For example, in the second novel, Heroes or Thieves, two characters who have done something terrible are forced to leave the elven nation—or risk being discovered and executed. Crossing the Windari Channel is extremely dangerous and nearly impossible by non-sailors. Thus, they crash in a southern desert where they meet a culture of people who have long since been secluded by the landscape from the rest of the continent—thus these people are quite inhospitable. Events continue to spiral downward for the characters involved, based on the way certain magics are viewed, how the landscape is arranged, which races of characters are involved, what the history of the world is up to this point, plus the language, cultures, etc…
Do you have a technique for keeping track of world building as you go? How do you ensure your material is easily retrievable and easy to modify?
World building is a massive undertaking, especially to the degree with which I personally have chosen to go. I’ve been working on Aersadore for almost twenty years—since I was a child. Obviously, aspects have changed greatly over time, but I have had a great deal of time to work with to allow me to shape the world. I use WORD documents, a filing system, notebooks, and calendars to assist me, but ultimately, the content remains in my head and, fortunately, the mind of my editor.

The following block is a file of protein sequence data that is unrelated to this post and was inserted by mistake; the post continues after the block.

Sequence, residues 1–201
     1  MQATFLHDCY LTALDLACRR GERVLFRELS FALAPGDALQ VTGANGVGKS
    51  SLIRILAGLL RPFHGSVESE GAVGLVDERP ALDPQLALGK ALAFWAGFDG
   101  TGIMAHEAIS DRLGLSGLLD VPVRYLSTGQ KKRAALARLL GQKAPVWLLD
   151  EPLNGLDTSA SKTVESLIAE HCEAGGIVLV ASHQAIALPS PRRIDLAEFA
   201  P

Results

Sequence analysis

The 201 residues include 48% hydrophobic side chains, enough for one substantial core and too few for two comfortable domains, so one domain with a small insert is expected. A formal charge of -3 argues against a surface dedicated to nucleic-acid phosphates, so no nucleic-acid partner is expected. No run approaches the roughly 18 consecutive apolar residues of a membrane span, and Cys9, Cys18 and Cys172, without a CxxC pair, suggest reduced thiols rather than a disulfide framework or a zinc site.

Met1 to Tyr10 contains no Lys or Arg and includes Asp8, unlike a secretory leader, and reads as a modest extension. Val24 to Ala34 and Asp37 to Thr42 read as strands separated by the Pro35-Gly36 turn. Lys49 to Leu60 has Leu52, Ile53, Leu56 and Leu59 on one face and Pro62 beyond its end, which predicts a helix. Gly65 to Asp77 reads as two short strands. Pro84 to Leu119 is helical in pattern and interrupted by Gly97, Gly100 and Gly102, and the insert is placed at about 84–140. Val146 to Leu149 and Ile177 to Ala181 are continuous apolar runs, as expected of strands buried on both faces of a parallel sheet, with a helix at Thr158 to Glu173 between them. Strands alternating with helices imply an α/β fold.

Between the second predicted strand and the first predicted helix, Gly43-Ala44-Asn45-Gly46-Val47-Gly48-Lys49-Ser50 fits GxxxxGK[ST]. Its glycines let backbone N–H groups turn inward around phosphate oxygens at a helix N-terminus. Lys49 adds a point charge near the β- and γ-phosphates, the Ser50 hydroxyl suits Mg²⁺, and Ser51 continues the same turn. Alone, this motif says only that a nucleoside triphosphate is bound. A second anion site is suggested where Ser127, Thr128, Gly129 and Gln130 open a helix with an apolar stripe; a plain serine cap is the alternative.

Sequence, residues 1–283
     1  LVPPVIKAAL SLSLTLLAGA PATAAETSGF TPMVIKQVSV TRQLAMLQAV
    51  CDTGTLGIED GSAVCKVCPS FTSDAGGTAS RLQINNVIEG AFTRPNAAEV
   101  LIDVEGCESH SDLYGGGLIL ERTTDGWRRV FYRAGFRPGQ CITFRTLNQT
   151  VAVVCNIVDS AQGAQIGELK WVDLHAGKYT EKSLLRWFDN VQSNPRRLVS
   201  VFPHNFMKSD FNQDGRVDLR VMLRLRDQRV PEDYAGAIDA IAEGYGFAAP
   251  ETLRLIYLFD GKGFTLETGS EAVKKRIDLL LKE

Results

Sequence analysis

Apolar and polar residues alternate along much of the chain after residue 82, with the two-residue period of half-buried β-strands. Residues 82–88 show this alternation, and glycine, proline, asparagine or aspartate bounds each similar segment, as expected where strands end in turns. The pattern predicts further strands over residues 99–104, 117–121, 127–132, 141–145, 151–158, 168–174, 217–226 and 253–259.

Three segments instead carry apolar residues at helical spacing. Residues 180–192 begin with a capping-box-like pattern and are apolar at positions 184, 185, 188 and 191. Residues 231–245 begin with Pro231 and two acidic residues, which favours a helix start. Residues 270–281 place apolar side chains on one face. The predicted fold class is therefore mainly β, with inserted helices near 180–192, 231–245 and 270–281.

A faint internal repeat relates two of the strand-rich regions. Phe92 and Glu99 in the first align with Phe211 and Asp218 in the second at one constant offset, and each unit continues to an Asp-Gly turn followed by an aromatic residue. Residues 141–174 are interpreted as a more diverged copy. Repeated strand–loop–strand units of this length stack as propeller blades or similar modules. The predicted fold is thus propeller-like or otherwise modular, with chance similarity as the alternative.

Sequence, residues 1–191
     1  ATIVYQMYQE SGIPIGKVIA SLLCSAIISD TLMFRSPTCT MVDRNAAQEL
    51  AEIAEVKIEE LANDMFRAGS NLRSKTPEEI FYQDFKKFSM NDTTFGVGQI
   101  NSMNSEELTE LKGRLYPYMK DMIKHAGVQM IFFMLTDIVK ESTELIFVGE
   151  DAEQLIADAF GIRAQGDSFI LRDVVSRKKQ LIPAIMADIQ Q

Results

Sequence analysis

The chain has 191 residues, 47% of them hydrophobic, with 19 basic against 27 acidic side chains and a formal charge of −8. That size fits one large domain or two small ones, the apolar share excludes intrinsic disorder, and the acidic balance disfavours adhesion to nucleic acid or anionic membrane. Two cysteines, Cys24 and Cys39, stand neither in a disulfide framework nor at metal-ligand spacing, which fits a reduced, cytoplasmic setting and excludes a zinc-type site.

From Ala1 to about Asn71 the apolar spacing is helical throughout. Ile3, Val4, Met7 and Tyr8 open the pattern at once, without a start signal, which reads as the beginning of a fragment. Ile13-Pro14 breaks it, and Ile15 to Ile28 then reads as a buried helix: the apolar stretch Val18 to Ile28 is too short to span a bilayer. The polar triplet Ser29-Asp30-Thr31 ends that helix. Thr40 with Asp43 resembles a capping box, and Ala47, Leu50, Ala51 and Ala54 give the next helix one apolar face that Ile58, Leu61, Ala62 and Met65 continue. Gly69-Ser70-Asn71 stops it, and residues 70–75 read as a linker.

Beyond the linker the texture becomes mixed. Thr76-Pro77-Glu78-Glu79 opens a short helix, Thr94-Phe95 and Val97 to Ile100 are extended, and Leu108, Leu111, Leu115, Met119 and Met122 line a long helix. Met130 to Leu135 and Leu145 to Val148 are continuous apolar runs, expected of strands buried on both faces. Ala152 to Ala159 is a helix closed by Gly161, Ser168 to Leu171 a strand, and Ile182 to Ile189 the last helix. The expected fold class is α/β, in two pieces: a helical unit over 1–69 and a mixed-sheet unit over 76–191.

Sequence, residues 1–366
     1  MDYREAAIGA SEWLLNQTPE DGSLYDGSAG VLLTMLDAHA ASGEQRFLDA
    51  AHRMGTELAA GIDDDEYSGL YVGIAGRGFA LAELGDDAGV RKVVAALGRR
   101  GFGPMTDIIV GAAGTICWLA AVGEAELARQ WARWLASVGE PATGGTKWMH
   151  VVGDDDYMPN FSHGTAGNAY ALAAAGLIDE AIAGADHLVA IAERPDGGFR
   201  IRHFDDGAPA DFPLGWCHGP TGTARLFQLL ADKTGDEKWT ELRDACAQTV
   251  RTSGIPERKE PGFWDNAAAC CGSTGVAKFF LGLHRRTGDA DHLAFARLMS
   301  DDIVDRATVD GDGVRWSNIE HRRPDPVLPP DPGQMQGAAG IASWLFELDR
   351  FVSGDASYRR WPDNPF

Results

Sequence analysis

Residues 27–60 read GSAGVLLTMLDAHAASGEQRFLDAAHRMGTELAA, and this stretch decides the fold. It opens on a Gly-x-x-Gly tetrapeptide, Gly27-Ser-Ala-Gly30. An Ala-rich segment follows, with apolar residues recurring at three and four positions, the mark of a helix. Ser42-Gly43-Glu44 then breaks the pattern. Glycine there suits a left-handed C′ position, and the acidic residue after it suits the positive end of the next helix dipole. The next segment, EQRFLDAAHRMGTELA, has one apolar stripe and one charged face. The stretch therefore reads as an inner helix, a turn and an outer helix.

How do you avoid excessive world building and balance it with the act of writing the story?
By keeping the world “real” enough, I do not need to enter excessive world building for readers to enjoy the story. The world is there to enrich everything and draw the reader further in—but information is woven into the histories and behaviors of the characters. I like to start with just those facts, places, and histories that are relevant to the current story and weave in more details as events arise. To build a world as massive as Aersadore, many books are needed—and many books are planned. For example, for about ten books I’ll be focusing on the events that caused the tension between the human and elven races, that divided them across the world, and that slew their great and mutual hero. The way that many of the characters behave and think is weighed on by this great event, and in a future novel, I’ll go back in time and tell the reader what really happened.